The Case for U.S. Reengagement in Ethiopia

The Case for U.S. Reengagement in Ethiopia
Refugees who fled the conflict in the Tigray region arrive on the banks of the Tekeze River on the Sudan-Ethiopia border, in Hamdayet, eastern Sudan, Nov. 21, 2020 (AP photo by Nariman El-Mofty).

President Joe Biden’s foreign policy team arrived in Washington amid a mounting humanitarian emergency in the Horn of Africa, as the Ethiopian government continues its monthslong military campaign against the northern Tigray region. The crisis is an early test of the Biden administration’s ability to balance its global advocacy for democracy, human rights and the rule of law against its strategic interests in a vital yet unstable region.

A once-promising liberal reformer and Nobel Peace Prize winner, Ethiopian Prime Minister Abiy Ahmed launched a military offensive on his political opponents in Tigray last November in response to reported attacks on a federal government military outpost by the Tigrayan People’s Liberation Front, then the regional ruling party. Abiy declared victory in the conflict weeks later, after capturing the Tigrayan capital, Mekelle, but sporadic reports from the region indicate ongoing hostilities between Ethiopian troops and remnants of the TPLF. The conflict has also become increasingly marked by reports of atrocities and war crimes—deeply damaging Abiy’s credibility in the eyes of the international community.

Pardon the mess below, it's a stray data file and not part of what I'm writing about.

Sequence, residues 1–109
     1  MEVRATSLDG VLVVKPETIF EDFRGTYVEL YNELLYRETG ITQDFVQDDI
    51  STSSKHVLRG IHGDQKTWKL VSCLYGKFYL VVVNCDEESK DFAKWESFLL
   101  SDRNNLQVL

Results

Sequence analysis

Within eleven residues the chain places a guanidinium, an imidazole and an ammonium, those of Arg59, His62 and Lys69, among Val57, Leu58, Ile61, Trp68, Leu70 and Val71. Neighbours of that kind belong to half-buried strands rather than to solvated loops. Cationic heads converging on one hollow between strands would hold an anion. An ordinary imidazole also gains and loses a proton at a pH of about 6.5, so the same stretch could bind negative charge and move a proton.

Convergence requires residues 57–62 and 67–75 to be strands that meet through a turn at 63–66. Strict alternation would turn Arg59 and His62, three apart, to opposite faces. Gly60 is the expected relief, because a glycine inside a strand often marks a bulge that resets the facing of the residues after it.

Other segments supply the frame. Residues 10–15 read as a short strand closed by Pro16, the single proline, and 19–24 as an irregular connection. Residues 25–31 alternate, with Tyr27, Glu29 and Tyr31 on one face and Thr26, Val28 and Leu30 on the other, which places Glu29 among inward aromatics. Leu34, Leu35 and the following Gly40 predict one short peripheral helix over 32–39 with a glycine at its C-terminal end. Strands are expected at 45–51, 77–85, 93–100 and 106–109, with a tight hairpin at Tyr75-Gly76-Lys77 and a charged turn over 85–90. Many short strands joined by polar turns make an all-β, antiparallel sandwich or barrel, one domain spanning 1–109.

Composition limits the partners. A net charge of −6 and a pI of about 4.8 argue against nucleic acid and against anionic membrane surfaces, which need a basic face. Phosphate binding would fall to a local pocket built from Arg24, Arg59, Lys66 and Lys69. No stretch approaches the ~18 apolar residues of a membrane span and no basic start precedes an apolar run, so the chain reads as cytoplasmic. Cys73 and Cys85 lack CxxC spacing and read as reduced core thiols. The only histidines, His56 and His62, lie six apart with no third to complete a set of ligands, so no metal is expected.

In just 10 weeks of fighting, more than 60,000 refugees fled into neighboring Sudan and up to 2 million more were internally displaced, while untold numbers are being denied life-sustaining assistance in what Abiy has continued to term “a law and order operation.” As a result, a once-reliable U.S. partner—Ethiopia mediated peace agreements in South Sudan, helped usher in a transition to civilian rule in Sudan, and has shouldered the heavy burden of supplying troops to the African Union peacekeeping mission in Somalia—is now betraying its own commitment to democracy and the rule of law.

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